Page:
EPA advises users of private wells to test water for lead from new pumps

April 19, 1994|By New York Times News Service

WASHINGTON -- The Environmental Protection Agency yesterday advised hundreds of thousands of people who drink from private wells to switch temporarily to bottled water and to test for possible lead contamination from pumps installed in the past year.

Citing new experimental data, the agency recommended that millions of other households with older pumps should also have the tests done while continuing to use well water. The agency said the pumps in question, which are submerged in the wells and contain components made of lead alloys, were more likely to cause pollution when new.

Scientists and lawyers working for the environmental groups whose research prompted the government's action said that most of the 450,000 submersible pumps sold last year contained lead. They said that 30 million people might drink water from wells equipped with submersible pumps made of lead alloys.

Consuming even very small amounts of lead can cause irreversible brain damage, intellectual and developmental problems, and other ailments, especially in fetuses or young children. Lead poisoning is widely regarded as the most serious environmental problem facing children in this country.

Two environmental groups and the California attorney general filed lawsuits yesterday in a state court against four major manufacturers of submersible pumps with parts cast from lead-based brass and bronze, after detailed laboratory tests found that very high levels of lead can leach from the pumps into water, especially in the first month or so of use. The federal agency's warning was based on these tests.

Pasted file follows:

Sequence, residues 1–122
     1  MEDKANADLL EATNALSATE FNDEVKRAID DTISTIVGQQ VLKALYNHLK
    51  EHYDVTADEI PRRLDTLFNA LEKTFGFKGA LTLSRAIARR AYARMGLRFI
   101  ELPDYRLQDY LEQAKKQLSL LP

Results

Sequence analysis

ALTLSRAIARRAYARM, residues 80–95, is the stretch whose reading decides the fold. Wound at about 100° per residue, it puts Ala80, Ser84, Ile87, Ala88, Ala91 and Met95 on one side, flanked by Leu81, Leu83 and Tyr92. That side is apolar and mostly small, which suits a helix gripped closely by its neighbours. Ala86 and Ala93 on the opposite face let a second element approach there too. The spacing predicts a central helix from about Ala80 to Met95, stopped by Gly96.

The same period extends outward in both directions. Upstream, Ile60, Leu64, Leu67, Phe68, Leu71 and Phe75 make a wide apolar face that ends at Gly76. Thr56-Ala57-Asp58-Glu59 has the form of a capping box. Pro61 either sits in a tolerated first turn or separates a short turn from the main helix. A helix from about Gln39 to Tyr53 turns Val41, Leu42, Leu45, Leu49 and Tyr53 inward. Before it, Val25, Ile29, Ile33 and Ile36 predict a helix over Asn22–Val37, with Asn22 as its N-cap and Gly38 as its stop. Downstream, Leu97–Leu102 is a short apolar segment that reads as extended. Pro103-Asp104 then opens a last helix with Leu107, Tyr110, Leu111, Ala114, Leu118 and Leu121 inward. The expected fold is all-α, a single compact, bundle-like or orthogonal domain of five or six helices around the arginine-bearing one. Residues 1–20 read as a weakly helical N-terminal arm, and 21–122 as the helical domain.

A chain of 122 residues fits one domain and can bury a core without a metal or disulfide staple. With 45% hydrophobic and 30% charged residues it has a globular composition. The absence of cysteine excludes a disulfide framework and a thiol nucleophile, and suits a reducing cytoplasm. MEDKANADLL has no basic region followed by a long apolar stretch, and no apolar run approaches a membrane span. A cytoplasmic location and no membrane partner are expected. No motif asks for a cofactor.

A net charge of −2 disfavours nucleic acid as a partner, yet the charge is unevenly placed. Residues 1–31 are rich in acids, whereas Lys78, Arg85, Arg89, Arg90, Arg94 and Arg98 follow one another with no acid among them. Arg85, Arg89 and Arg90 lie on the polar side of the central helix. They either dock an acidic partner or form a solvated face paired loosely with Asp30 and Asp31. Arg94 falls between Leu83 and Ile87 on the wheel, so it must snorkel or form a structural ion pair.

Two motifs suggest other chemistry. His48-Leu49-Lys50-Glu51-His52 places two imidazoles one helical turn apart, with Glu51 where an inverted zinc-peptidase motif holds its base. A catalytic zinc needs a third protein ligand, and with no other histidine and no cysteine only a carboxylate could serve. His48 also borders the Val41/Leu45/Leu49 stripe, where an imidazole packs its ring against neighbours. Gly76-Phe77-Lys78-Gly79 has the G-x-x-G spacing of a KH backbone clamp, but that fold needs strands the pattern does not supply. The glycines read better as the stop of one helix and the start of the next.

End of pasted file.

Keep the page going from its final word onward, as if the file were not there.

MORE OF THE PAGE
The laboratory found lead contamination coming from these four pump models: the F. E. Myers Co.'s Predator II; Aermotor Pumps Inc.'s model LR5857; Goulds Pumps Inc.'s model 10EJ054; and Sta-Rite Industries' Signature 2000.

Other companies also make pumps containing lead; most suppliers make some lead-free models. Two companies that were sued yesterday, Goulds Pump and Sta-Rite, announced that they would stop selling lead-based pumps in California and would provide alternative products in the state soon.

The environmental groups urged all pump manufacturers to recall all their lead-based products nationwide and urged Congress to address the problem in the Safe Drinking Water Act, which is scheduled to be debated this week in the Senate.

People who do not know if their water supplies are affected should probably have their water tested if they do not pay water bills to a public water system, the groups advised. Public water systems are already tested by law. The EPA said its advice did not apply to pumps that were known to be lead-free.

Medical research has found no known safe level for lead exposure.

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